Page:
Yesterday’s disappointing Purchasing Managers Index news on U.S. manufacturing has put two interest rate cuts from the Federal Reserve back on Wall Street’s expectations.(Economists had expected that the PMI number for September would show the manufacturing sector moving back into expansion territory. Instead the sector moved deeper into contraction.)
According to the CME Fed Watch Tool, the odds of an interest rate cut at the Fed’s October 30 meeting have moved up to 77% today from 62% yesterday from 54.6% on August 30. (The tool calculates odds of a move by the Federal Reserve by looking at prices in the Fed Funds Futures market.) This new reading moves the odds above the 65% level that according to my rule of thumb indicates that the U.S. central bank is almost certain to move. Unless Fed officials begin to talk down an interest rate change almost immediately after odds reach this level.
The market continues to belief that the Fed will cut interest rates at its December meeting.
It’s clear that financial markets have been spooked by yesterday’s manufacturing disappointment–and continued disappointing news today on auto sales and in the private ADP job report.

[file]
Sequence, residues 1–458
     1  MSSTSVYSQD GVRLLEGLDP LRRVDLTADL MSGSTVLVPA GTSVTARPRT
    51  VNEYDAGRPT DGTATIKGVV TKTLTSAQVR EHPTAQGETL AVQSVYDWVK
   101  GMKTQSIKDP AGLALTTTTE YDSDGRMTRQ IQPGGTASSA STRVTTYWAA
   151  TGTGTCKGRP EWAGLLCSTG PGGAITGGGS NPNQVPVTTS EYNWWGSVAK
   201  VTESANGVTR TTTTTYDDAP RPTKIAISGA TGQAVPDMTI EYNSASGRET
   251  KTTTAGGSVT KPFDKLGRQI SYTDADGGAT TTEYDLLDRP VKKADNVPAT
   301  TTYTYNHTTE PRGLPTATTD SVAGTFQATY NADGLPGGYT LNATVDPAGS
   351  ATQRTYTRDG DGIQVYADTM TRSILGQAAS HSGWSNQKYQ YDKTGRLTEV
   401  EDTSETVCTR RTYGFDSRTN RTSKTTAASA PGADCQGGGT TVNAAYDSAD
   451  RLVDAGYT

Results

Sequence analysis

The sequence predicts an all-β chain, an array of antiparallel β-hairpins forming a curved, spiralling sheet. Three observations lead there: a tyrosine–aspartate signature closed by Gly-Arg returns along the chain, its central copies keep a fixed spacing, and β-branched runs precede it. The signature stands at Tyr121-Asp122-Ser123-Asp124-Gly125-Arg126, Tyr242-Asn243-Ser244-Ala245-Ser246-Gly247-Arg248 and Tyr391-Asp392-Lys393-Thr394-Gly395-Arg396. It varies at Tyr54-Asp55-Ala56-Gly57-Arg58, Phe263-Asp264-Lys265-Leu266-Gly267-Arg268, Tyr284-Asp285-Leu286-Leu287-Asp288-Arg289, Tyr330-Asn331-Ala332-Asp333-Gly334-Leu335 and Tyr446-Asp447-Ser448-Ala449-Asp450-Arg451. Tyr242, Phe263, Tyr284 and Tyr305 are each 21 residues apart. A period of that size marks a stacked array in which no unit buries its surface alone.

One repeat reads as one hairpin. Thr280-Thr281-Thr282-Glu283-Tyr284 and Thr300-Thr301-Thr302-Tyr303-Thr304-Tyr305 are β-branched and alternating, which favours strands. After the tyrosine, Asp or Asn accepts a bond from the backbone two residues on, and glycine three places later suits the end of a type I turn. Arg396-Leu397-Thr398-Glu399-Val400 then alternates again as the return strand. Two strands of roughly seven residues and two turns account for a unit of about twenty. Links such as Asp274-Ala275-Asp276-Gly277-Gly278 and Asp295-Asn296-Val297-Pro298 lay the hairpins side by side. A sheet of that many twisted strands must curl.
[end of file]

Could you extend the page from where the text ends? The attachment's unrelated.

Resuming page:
For the market to say spooked, it will have to see some weakness in what is expected to be a very strong Purchasing Managers Index for the service sector tomorrow and a disappointing report on jobs growth in September from Friday’s official government report.
Economists surveyed by Briefing.com are expecting that the U.S. economy added a relatively weak 150,000 jobs in September. That would be up, however, for the very weak 130,000 jobs added in August. Economists also expect that the services index will dip slightly to 55.4 in September from 56.4 in August. That would still leave the sector solidly in expansion territory above 50.